7 Christie, M. M., & Garrote Jurado, R. R. (2009). Barriers to Innovation in Online Pedagogy. European
Journal Of Engineering Education, 34(3), 273-279.
Summary: The paper attempted to understand why instructors do not utilize all of the tools of their
specific learning management systems. Most instructors felt they did not have time or the motivation to
become experts in their Learning Management System (LMS). It was determined that older teachers
more time to learn the system. Resources such as time and money needed to be invested in the LMS in
order to see a commitment to utilization of the product. Obstacles to advancements in the virtual world
were significant and resulted in less than effective pedagogy.
Assessment: The study was useful to understand problems with learning management systems. The
objectivity of the study was limited since it referred to only one universitys management system. The
reading brought another set of issues to light in the virtual environment. The information seemed
reliable but also incorporated some bias. The goal of the paper was to expose the need for resources in
order to promoted the LMS to instructors and as a result lead to a higher excellence of education.
Reflection: The article works well with current bibliographies in the project. It exposes yet another issue
that must be addressed in the ever growing virtual world. It helped outline the needs and advantages of
training. The adjustments that are needed for instructors when changes are made in the learning
management systems cannot be underestimated or diminished. Keywords for the article were online
learning, pedagogical use of learning management systems, and engineering education.
8 Crawford-Ferre, H., & Wiest, L. R. (2012). EFFECTIVE ONLINE INSTRUCTION IN HIGHER EDUCATION.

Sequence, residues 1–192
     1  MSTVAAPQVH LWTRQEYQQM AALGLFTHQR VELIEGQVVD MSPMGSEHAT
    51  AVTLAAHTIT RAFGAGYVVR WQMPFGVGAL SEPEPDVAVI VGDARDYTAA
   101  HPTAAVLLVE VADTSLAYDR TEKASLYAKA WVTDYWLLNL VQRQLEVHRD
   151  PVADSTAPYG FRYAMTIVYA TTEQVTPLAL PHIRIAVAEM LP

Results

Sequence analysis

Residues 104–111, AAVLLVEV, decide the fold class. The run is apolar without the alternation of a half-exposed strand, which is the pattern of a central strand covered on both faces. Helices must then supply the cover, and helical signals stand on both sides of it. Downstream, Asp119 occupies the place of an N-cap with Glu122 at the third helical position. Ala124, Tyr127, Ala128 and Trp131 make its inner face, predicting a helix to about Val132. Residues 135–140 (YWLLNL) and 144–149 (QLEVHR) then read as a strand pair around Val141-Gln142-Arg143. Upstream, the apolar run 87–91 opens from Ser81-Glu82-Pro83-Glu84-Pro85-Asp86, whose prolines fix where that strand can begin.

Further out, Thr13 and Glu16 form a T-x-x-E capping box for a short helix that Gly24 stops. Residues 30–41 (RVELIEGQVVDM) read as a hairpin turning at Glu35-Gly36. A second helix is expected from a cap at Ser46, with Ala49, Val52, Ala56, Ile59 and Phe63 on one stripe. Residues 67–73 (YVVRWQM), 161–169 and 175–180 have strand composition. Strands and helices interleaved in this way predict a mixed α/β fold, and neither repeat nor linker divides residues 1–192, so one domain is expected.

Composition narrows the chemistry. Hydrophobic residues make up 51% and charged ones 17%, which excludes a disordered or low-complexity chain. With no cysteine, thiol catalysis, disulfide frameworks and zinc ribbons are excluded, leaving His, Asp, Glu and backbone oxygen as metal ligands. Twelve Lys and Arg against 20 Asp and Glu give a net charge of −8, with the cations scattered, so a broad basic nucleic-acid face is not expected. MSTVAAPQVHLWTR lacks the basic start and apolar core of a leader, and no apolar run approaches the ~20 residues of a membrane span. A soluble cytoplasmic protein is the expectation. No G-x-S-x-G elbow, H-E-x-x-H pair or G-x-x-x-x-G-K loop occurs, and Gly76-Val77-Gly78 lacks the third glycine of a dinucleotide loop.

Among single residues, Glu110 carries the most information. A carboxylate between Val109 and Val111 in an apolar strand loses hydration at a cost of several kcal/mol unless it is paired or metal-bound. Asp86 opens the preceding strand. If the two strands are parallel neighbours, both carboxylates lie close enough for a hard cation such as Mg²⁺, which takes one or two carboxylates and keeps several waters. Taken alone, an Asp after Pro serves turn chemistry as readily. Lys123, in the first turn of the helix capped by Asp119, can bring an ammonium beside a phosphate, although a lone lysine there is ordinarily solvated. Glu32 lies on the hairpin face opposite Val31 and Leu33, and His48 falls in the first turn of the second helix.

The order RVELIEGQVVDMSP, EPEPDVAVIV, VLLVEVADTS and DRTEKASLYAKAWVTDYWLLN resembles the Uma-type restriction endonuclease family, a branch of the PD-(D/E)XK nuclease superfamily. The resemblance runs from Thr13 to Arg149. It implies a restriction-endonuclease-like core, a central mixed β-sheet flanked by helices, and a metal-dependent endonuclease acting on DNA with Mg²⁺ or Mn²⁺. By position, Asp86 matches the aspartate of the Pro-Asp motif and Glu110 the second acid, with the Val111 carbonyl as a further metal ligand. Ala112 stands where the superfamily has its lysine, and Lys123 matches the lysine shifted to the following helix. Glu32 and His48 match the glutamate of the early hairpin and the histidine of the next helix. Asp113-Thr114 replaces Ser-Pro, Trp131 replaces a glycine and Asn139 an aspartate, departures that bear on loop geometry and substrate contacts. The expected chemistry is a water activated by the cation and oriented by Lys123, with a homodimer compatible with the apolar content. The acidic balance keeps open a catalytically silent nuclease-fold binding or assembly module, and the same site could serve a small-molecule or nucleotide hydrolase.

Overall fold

Quarterly Review Of Distance Education, 13(1), 11-14.
Summary: The article discussed the necessity for communication, course design and teacher
preparation as it pertains to online learning. The focus was primarily on the instructor and their role in
the online environment. It also touched on the lack of knowledge of pedagogy. An online community to
share ideas was noted as a solution to the amount of time spent in the course. International students
were discussed as well as synchronous and asynchronous learning activities.
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Assessment: The article did not provide data for the methods recommended. In regards to online
learning progress, the article was not beneficial. Most of the information provided was common sense.
The article did not seem to have a purpose other than to pontificate over possibilities. Even though
studies were mentioned, very little data was given or how improvements could be made in the online
environment.
Reflect: The paper validated my feelings about more training needed for online teachers but did not give
recommendations about how, how long, how often, etc. training was needed. I did not think methods of
communication were discussed or researched. I do not feel this paper will be beneficial as it seems to
ponder rather than confirm findings.
9 Dray, B. J., Lowenthal, P. R., Miszkiewicz, M. J., Ruiz-Primo, M., & Marczynski, K. (2011). Developing an
instrument to assess student readiness for online learning: a validation study. Distance
Education, 32(1), 29-47.
Summary: The article focused on the readiness of students to take online classes. Previous studies